The serviceDeploy command fails on UNIX-based operating systems. However, when you run the same serviceDeploy command with the same file in a Microsoft Windows environment, the command succeeds.
When you review the log file for the serviceDeploy command, it lists the following error:
The project was not built since the source file Test.java could not be read.
A project that is authored in a Windows environment might contain non-UTF characters in the source file artifacts. Windows uses Cp1252 character encoding while UNIX-based operating systems use UTF-8 character encoding. If there are non UTF-8 characters, the artifact file cannot be read by UNIX-based operating systems.
The non-UTF characters are often found in developer comments within the Java™ code. Examples of these characters are accented characters for foreign languages as well as Windows "fancy" quotes and apostrophes. These characters might have been introduced through copying and pasting Windows-formatted text from another source into the editor.
This issue occurs if the artifacts are authored in a Windows environment, but then they are used in a serviceDeploy command on a UNIX-based operating system.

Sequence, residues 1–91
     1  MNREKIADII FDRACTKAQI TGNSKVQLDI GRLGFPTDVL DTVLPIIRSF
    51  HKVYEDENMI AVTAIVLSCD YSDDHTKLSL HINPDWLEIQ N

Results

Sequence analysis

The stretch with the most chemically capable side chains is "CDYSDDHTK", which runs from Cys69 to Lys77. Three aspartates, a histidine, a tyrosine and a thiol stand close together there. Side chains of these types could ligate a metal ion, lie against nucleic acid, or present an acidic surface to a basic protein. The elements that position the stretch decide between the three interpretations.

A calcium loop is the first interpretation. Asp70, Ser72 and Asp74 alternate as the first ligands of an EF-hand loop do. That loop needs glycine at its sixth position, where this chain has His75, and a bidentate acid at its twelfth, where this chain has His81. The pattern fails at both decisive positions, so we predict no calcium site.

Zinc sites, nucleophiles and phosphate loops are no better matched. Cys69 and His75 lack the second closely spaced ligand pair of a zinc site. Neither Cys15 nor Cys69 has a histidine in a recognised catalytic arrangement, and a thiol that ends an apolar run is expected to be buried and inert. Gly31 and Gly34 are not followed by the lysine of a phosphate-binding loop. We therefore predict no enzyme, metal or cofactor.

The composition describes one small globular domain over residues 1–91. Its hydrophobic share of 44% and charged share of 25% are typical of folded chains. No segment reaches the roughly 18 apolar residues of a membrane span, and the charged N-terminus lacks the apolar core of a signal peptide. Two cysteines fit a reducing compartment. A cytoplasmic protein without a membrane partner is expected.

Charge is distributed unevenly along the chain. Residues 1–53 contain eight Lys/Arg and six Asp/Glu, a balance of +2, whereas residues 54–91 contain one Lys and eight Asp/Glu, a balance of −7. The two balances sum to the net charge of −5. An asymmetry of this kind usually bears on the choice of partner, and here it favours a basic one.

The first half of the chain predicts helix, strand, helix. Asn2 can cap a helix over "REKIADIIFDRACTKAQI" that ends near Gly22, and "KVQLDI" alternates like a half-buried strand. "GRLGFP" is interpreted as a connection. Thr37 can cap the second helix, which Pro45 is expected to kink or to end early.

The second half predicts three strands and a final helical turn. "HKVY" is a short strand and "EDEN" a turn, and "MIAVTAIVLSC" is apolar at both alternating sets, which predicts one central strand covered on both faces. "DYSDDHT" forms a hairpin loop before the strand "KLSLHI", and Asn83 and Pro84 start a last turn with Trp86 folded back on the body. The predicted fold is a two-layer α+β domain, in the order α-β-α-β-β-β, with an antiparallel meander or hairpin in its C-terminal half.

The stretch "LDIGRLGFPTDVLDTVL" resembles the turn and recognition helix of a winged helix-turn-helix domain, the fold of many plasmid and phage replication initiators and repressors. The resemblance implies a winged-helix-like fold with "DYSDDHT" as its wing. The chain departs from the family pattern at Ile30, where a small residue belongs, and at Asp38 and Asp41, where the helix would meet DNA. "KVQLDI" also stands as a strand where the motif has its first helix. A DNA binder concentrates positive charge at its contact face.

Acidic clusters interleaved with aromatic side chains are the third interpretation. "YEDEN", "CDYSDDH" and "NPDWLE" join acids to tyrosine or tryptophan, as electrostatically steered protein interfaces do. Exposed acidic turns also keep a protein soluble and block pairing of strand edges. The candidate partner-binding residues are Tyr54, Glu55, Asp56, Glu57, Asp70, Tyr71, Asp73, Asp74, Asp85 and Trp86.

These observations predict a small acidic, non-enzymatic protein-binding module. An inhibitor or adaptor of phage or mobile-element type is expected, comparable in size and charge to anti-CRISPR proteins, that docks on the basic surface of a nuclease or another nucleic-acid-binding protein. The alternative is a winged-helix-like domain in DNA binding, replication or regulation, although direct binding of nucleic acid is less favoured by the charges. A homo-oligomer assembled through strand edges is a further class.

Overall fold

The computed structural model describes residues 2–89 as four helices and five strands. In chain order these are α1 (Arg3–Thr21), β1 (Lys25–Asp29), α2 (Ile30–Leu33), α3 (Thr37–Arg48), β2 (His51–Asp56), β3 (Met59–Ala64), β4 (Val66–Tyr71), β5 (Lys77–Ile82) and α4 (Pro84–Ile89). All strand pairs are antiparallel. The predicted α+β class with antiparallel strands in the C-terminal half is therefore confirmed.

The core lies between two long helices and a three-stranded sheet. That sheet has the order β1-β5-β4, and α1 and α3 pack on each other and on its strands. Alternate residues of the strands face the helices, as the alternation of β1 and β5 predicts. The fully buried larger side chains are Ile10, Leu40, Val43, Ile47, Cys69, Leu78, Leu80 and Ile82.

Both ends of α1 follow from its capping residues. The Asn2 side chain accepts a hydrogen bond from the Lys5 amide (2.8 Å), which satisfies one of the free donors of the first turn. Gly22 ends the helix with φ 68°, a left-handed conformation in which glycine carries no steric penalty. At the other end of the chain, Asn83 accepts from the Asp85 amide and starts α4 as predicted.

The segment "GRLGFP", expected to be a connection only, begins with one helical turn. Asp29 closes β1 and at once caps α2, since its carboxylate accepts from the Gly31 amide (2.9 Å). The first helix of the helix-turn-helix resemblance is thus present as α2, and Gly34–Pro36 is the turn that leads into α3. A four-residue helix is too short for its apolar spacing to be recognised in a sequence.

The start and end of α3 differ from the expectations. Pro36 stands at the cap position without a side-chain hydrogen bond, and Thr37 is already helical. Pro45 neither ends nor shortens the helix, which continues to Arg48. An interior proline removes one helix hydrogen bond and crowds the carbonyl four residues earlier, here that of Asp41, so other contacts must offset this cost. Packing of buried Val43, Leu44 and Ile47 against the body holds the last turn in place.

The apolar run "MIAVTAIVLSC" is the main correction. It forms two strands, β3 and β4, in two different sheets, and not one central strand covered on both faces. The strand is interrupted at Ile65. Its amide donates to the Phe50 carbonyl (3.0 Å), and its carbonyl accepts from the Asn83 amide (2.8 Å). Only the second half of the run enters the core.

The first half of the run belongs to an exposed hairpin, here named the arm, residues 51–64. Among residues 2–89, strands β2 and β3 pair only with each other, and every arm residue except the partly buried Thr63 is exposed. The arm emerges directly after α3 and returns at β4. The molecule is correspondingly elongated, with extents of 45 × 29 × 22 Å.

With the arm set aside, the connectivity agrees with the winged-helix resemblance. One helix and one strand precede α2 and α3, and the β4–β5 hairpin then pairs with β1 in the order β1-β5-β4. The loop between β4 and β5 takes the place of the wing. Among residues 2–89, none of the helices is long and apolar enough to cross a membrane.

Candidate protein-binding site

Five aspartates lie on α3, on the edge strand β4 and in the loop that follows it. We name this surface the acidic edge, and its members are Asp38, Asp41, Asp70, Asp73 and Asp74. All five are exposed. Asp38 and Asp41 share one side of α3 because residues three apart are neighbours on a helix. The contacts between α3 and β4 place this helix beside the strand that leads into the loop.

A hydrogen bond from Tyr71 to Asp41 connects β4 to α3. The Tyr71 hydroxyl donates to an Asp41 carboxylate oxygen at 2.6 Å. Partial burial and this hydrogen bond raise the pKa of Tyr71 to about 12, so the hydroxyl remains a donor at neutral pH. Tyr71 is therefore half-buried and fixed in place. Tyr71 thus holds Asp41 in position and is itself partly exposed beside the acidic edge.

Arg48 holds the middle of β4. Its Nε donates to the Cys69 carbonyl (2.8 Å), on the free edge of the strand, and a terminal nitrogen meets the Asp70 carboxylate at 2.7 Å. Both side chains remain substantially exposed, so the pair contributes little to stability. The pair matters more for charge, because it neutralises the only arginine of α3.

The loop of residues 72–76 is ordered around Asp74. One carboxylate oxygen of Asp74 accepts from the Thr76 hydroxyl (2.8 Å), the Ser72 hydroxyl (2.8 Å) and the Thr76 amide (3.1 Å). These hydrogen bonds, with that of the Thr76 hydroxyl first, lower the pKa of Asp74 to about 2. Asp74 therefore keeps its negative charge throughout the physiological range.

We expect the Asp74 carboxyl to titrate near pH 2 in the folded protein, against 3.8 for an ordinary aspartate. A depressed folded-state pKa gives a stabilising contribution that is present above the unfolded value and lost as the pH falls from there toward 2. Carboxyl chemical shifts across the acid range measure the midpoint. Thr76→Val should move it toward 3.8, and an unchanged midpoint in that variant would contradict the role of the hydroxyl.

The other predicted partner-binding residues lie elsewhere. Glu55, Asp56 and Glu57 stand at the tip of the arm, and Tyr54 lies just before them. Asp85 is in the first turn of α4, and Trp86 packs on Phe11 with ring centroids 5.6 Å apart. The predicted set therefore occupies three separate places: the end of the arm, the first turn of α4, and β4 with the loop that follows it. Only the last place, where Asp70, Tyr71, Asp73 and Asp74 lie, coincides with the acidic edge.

Diagnosing the problem
You can change the WebSphere Integration Developer workspace to a different file encoding and use it to determine whether there are non-UTF characters. To change the WebSphere Integration Developer workspace to a different file encoding, complete the following steps:
- Click Windows > Preferences > Workspace.
- Change the text file encoding preference from the default Cp1252 character encoding to UTF-8 character encoding.
- Attempt to open the suspect .java file that is identified in the serviceDeploy error message.
An error is displayed if non-UTF-8 characters exist and the file does not open.
Resolving the problem
To identify the non-UTF-8 characters in the identified file, use one of the following techniques:
- Using WebSphere Integration Developer on a Linux operating system, edit the suspected file. Remove the unknown characters that are displayed as \ufffd
- Extract the suspect file on a UNIX-based operating system. Run the following command, which removes non-UTF-8 characters:
iconv -c -f UTF8 -t UTF8 Test.java > Test_strip.java
Run a diff on the two files to display the sections that require changes.
- Use a text editor in Hex mode to manually identify characters that are outside the standard ASCII range.
After the characters are identified, use WebSphere Integration Developer to remove or replace the characters. Use the WebSphere Integration Developer file encoding that is described in the previous section to verify that the file can be opened in UTF-8 mode. If you need to interoperate between Windows and other operating systems, you might want to leave the WebSphere Integration Developer character encoding in UTF-8.
|Business Integration||IBM Business Process Manager Advanced||Application Deployment||AIX, Linux, Linux zSeries, Solaris, Windows, z/OS||8.0, 7.5.1, 7.5|
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